Arizona is spending too much money providing a university education to students who really do not need it, according to the head of the House Appropriations Committee.
“The university redistributes a tremendous amount of tuition money so that almost anybody can go to the university,” Rep. John Kavanagh said in an interview with Capitol Media Services.
But Kavanagh said not everyone should be going to a university — especially one subsidized with state tax dollars.
“If somebody's going to end up in a sales position or someone's going to be a real estate agent, why are we investing all this money in a research university degree,” he said. “What's the purpose of it?”
Kavanagh's comments come as lawmakers are deciding how much more money, if any, to give to the state university system next fiscal year.
On Friday, Gov. Jan Brewer essentially proposed a no-growth budget for the schools.
Arizona State University and Northern Arizona University are getting some additional dollars, but that is simply the last payment on a multi-year promise to bring per-student funding up to what the University of Arizona had been getting all along.
The $15 million for U of A has a significant string attached: It has to be given over the next five years to the privately operated Translational Genomics Research Institute to jointly help commercialize theoretical biomedical research.
By contrast, the Regents sought $100 million in new money with the argument that was necessary to maintain quality education without putting even more burden on the backs of students with higher tuition.
Kavanagh, who chairs the House Appropriations Committee, said maybe the funding crunch shows it's time to “dramatically look at our entire philosophy of higher education.”
The 63-year-old Kavanagh said that up until the 1970s only the best students went on to get a university degree.
“Now, almost anybody can go to college,” he said.
“We spread limited money over a large area, and we have a lot of college graduates who are working in retail and food service jobs,” Kavanagh continued. “Is that really a good way to spend money?”
Kavanagh said students who go to college but don't need to be there end up in debt, and he said the state subsidies for these students takes the limited funds “and dilutes it so we can't concentrate on having some of our science areas and engineering areas being really stellar.”
Rick Myers, chairman of the Board of Regents, said universities need to be good at more than technical fields.
“I had as many strong people working for me that were English majors and philosophy majors as I did people that had a physics degree or a science degree,” said Myers, a former IBM executive.
Myers said if Kavanagh wants to look at it from a purely economic standpoint, there's an argument to be made there, too.
He said Arizona was hit far worse than most other states during the most recent recession.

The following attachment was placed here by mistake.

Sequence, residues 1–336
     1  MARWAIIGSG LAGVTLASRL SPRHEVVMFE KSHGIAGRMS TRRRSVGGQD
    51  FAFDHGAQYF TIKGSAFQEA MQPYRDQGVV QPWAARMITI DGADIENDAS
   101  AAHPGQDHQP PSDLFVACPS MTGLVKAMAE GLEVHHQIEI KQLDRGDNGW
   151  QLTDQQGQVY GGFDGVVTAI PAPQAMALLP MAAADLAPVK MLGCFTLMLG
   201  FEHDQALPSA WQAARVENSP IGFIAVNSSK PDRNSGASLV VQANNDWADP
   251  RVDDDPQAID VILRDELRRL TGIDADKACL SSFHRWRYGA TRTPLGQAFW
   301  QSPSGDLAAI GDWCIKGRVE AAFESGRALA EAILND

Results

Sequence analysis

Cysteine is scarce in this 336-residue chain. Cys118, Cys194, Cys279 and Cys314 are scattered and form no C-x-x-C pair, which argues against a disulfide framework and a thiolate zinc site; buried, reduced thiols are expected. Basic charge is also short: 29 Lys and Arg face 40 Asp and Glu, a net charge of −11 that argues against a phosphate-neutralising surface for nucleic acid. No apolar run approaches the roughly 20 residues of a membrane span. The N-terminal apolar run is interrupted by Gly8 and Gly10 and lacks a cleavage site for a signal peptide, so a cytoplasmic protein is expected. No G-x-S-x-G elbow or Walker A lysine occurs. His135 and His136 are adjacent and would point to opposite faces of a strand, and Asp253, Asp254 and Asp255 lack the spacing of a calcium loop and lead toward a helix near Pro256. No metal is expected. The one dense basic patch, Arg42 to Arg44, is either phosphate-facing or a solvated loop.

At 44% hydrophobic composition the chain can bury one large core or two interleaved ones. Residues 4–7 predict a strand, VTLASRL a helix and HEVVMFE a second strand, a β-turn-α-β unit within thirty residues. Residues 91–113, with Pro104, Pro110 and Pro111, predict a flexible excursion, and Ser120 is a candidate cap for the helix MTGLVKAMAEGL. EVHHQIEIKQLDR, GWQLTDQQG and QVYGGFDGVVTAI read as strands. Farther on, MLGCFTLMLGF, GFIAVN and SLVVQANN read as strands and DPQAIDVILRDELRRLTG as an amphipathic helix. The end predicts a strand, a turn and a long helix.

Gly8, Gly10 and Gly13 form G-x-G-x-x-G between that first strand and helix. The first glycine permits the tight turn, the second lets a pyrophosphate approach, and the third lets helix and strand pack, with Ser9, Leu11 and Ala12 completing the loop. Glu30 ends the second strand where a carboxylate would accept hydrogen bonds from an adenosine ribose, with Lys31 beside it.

“It's because we went into it with one of the lowest per-capita incomes, with one of the lowest educated workforces in the nation,” he said. “We haven't had the robust economy we need to isolate ourselves from some of this.”
Myers conceded not everyone needs a university degree.
In a report last year, the state Department of Administration said three-fourths of the job openings expected over the next year and a half will require only a high school diploma — or less.
Aruna Murthy, the agency's director of economic analysis, figures the top demands will be for cashiers, waiters and waitresses, and food-preparation workers. That is followed by retail sales, customer service representatives and clerks.
Myers said the state needs more college graduates than the 24,000 the university system is producing now, saying the state is below the national average in the percentage of adults who have a college degree.
“I can't believe that anyone that's an elected official in Arizona representing our citizens wouldn't appreciate that we need to have enough to be competitive, to give our state and our people a chance to have the life that they deserve,” he said.
Kavanagh rejected the argument that more people with college degrees will lead to more high-paying jobs.
“Continuously pouring more money into higher ed is not the solution to get these jobs,” he said.
Kavanagh said he would rather focus on increasing standards for high schools to turn out students who can take the engineering courses at the college level.
“If a student can't even spell ‘calculus’ when they graduate from high school, how are they going to go into engineering and fill these positions?” he asked.
Kavanagh said, though, that does not mean Arizona should instead throw more money into K-12 education. He said the record around the country shows that more dollars does not equal higher achievement.